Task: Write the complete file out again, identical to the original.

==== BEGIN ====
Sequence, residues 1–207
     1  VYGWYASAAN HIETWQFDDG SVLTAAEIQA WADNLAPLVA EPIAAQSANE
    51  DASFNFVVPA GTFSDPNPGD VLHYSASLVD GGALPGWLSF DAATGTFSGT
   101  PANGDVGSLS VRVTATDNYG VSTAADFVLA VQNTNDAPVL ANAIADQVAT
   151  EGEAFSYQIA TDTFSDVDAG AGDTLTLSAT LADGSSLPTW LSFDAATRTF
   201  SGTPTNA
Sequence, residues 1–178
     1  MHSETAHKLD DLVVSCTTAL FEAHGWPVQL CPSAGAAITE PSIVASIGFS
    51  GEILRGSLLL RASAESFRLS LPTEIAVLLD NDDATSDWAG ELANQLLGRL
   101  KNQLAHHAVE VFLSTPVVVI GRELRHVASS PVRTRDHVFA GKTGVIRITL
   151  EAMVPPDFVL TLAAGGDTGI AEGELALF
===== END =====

Sequence, residues 1–207
     1  VYGWYASAAN HIETWQFDDG SVLTAAEIQA WADNLAPLVA EPIAAQSANE
    51  DASFNFVVPA GTFSDPNPGD VLHYSASLVD GGALPGWLSF DAATGTFSGT
   101  PANGDVGSLS VRVTATDNYG VSTAADFVLA VQNTNDAPVL ANAIADQVAT
   151  EGEAFSYQIA TDTFSDVDAG AGDTLTLSAT LADGSSLPTW LSFDAATRTF
   201  SGTPTNA
Sequence, residues 1–178
     1  MHSETAHKLD DLVVSCTTAL FEAHGWPVQL CPSAGAAITE PSIVASIGFS
    51  GEILRGSLLL RASAESFRLS LPTEIAVLLD NDDATSDWAG ELANQLLGRL
   101  KNQLAHHAVE VFLSTPVVVI GRELRHVASS PVRTRDHVFA GKTGVIRITL
   151  EAMVPPDFVL TLAAGGDTGI AEGELALF